Next to speak was Don Andres, vice-president of FORC, who has been lobbying for a parking lot inside Runyon Canyon since 2011. He shared FORC’s glorious history of attempting to implement the 1986 master plan calling for (limited) park development. He promoted the benefits (money!) of a robust public-private partnership. Then, after explaining why the public really ought to like all the wonderful things FORC has done for them, he apologized for his organization’s poor outreach. “We need all your input,” he said, before speaking and power-pointing for 10 more minutes about FORC’s “accomplishments.” Then Andres spoke at length about the tremendous community outreach his organization had done through expensive dinner parties and small-sample surveys, the community outreach that had gleaned so much valuable guiding information — the same community outreach Andres previously apologized for being so shoddy. He concluded his presentation with another claim that private-public funding is the “wave of the future.” He did not pledge to conduct an EIR, to halt construction, or to remove the hideous 14-foot vinyl banner his group has erected.
An associate from the landscape architecture firm MLA, Claire Latinay, presented the firm’s “Vision Plan,” which was roundly hissed, booed and shouted at, earning board president Anastasia Mann’s gavel. Donations to FORC paid for MLA to create this noxious and unpopular “vision,” which includes a parking lot, cafe and “visitors center,” and which many public comments compared to a shopping mall and more in line with the needs of one of MLA’s other clients, the NFL Experience. The architect didn’t stay to answer questions, but she did leave behind several handsome color enlargements on easels, including one showing automobiles sitting in the meadow currently occupied by yoga.
Many members of the HHWNC weighed in. Except for Cyd Zeigler, who pronounced himself a fan of public-private partnerships, who proposed a motion that would accept the basketball court as a done deal and who then left the meeting before a final vote, every board member who spoke expressed their outrage, dismay and disgust at how the democratic process had been subverted. “Why must we accept that this is a fait accompli?” board member Annie Gagen asked rhetorically. Treasurer Michael Meyer predicted that this debacle was just the tip of the commercialization iceberg and that he would oppose any efforts to develop Runyon Canyon. And to the accompaniment of loud applause, several others, including Brian Dyer, said that nothing was going to happen — not the court and not any future projects — without an EIR.
Just before the public was finally permitted to speak — two-minutes per citizen — David Ryu offered another apology and promised “your thoughts will all be considered.” We knew he was sincere because during the public comments the Councilmember frequently looked up from his phone.
Nearly 30 people spoke, presenting overwhelming opposition to the “Vision Plan,” to corporate sponsorship of the park, and to the FORC organization, which was described by park patrons as “condescending,” “elitist” and “disrespectful.”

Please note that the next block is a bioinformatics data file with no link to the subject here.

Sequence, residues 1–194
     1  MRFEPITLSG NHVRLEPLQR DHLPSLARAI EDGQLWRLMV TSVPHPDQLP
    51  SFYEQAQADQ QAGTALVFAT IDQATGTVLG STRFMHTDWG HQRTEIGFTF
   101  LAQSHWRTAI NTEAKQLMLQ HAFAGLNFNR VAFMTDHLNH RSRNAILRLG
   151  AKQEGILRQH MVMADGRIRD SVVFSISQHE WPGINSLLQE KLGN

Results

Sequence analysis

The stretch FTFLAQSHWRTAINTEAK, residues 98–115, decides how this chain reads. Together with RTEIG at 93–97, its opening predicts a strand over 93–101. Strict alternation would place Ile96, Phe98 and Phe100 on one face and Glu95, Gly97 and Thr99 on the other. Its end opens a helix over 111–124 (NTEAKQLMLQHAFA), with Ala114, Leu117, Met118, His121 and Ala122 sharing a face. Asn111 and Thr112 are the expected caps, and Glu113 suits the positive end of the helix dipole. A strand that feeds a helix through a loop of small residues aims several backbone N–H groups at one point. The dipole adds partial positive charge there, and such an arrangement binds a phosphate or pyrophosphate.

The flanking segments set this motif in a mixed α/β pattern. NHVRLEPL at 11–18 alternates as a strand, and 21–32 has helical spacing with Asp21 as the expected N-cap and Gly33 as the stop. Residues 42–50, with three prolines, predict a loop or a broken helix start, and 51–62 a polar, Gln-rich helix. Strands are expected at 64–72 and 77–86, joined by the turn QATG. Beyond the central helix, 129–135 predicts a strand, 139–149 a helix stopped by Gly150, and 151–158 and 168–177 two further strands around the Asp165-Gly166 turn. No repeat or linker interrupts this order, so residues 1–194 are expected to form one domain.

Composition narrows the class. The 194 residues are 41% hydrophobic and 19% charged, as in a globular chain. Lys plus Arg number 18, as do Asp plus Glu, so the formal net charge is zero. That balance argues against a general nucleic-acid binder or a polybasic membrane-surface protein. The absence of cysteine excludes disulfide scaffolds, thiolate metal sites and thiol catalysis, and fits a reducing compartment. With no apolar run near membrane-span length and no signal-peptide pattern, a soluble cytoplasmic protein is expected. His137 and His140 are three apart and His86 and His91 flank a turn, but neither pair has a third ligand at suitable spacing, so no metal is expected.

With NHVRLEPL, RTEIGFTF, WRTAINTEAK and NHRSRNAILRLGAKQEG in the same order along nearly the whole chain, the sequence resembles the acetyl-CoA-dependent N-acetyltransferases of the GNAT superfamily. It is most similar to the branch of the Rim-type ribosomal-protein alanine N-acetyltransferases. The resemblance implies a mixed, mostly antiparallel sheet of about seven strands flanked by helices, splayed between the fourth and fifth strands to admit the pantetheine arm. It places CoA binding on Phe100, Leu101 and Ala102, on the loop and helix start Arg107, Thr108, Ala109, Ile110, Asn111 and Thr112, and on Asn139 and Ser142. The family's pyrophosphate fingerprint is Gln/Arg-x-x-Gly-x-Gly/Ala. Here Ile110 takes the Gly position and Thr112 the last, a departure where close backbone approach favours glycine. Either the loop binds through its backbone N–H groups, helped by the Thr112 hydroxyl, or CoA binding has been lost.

The last speaker was Stacy Sillins, a FORC board member. As though she were on a mission to confirm every adjective describing her group, as though she had pondered and considered and ultimately figured out the best way to illustrate FORC’s abiding arrogance and contempt for public opinion, Sillins did not apologize. She did not acknowledge that FORC had violated their MOU with the City. She did not acknowledge that FORC violated public trust. Instead, she used her time to lecture the seething crowd on the psychological concept of confirmation bias, treating the overflow congregation of incensed stakeholders like naive children who didn’t understand the situation clearly and were only believing what they wished to believe.
Poor John Gile. The President of FORC had to follow Sillins, whose gall effectively alienated every non-FORC member in attendance. Gile bravely faced the mob and did what he does best: ask them to give money. Fundraising for political candidates, like Councilmember Mitch O’Farrell, is Gile’s specialty, and no doubt a perspicacious reporter — the LA TIMES, better late than never, is now aware of the story — will soon explain the complicated financial arrangement between Gile, FORC, Ryu, RAP, and the conspicuously absent Pink+Dolphin.
That beautifully beneficent company, the one whose generosity brought out the worst in our public servants, was not represented at the meeting. Perhaps the company’s PR team is more sophisticated than FORC’s, what with all the experience they’ve had dealing with the public perception of one of Pink+Dolphin’s silent partners, the singer Chris Brown, best known for manfully beating up his ex-girlfriend Rihanna.
After nearly three hours of testimony, the HHWNC board voted unanimously — with Zeigler absent — to place the basketball court project in abeyance, to oppose all commercialization of Runyon Canyon, and to require an EIR for all future construction. The crowd cheered. Gile gamely thanked everyone for their input. And for a few minutes late on a Monday night in Hollywood, until the money hungry determine their next boondoggle, it seemed like democracy was the big winner.